4) Corrosion of the three test metals, silver, copper and lead, is in most cases due to three substances (VOCs) offgassing from tested materials: hydrogen sulfide or other volatile sulphides (in the case of silver), acetic acid (copper) and again acetic acid (lead), albeit the exact mechanisms of each individual corrosion process are hardly assessable on visual inspection in the case of mixtures of outgassed contaminants.

5) In addition, intensive color changes occur at the surfaces of copper and lead due to the formation of oxide layers, which are manifest in the distinct obscuration of the metal surfaces.

6)Comparison of the occurring changes in the metal surfaces according to steps from “no corrosion” via “slight corrosion” to “strong corrosion” is subject to the observer’s subjective impression, therefore it cannot and must not be regarded as a reproducible and unambiguously interpretable scientific measurement result for assessing tested materials.

7) Sampling, manipulation and storage of the materials to be tested in workshops and laboratories can substantially affect the test result, which, in case of storage, is due to contaminants present in the air that the materials may absorb.

Accordingly, the Oddy test is an insufficiently precise analytical instrument to interpret the causes of corrosion phenomena or discoloration of indicator metals. Its use has been, and still is, a topic of controversial debate (Grzywacz 2006), despite its broad use in museum contexts. The test is only and exclusively suitable in detecting whether contaminant gases are emitted from certain materials under the respective experimental conditions. It cannot be used to inform about any deducible risks affecting other materials which are in any contact with the test materials during prolonged periods of time. Direct transfer of data is only permissible, and with reservations, for the test metals proper and among them, fairly realistic for silver (turning black by forming silver sulphide in the presence of contaminant gases containing sulphidic sulphur) and lead (forming white films by generating basic lead carbonate and/or lead acetates upon release of acetic acid). More details on lead corrosion in the presence of acetic acid is found in Tetreault (1998).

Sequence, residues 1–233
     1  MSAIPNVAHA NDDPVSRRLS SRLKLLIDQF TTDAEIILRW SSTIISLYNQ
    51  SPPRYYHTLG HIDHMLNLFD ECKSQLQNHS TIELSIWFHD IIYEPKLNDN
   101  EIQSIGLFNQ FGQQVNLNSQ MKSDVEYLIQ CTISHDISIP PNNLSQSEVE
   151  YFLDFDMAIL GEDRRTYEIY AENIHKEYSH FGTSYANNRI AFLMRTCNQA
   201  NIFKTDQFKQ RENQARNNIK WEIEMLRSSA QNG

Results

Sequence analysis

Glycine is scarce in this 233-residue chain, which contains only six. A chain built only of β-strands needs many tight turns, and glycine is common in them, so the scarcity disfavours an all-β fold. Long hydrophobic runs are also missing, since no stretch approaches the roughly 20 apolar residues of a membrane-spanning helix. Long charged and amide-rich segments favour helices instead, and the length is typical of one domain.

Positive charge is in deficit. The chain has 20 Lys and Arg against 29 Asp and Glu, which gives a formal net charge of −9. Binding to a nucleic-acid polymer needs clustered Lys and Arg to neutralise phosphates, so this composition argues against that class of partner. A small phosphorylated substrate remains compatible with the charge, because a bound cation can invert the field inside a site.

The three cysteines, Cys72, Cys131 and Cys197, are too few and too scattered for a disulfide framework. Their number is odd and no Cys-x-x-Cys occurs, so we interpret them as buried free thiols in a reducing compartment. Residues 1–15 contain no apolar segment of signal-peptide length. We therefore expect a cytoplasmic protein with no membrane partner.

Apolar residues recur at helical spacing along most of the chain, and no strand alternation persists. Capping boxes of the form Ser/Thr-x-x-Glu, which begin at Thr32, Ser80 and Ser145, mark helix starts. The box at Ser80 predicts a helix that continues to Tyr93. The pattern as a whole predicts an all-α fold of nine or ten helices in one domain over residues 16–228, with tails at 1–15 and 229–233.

More recent studies from the years 2003 and 2011, all listed in the References section, relate to slightly more precise testing methods, such as an optimized Oddy test (Robinet and Thickett, 2003) and a modified design with more precise analytics (Strli? 2011). Especially the method proposed by Strli? seems to be suitable to allow more accurate statements on the level of risk for cellulose-based materials, however, this test requires a significantly higher degree of analytical effort.

To examine cellulose-based materials like paper and cardboard that are used for permanent storage of cultural property, Strli?’s work provides a number of indications, even though these are in need of further verification. It is known that gaseous contaminants have influence on the resistance of paper, while the exact risk level depends on the paper composition and the specific contaminant compounds that are present. What can be said, though, is that gaseous acids have considerable influence, while aldehydes, as they are able to oxidize into acidic components, may also cause paper degradation. Acetic acid is emitted by lignin-containing papers as they age, but based on current research results, (Di Pietro and Ligternik 2012, Potthast et al.) their occurrence has little effect on the stability of paper. In addition to acetic acid, formic acid and other compounds, whose impact is still hardly assessable, can be present as well. (Volland et al., in print) What needs to be noted above all is, of course, that all boards and paper based artifacts offgas acetic acid during ageing that accumulate when they are encased in containers.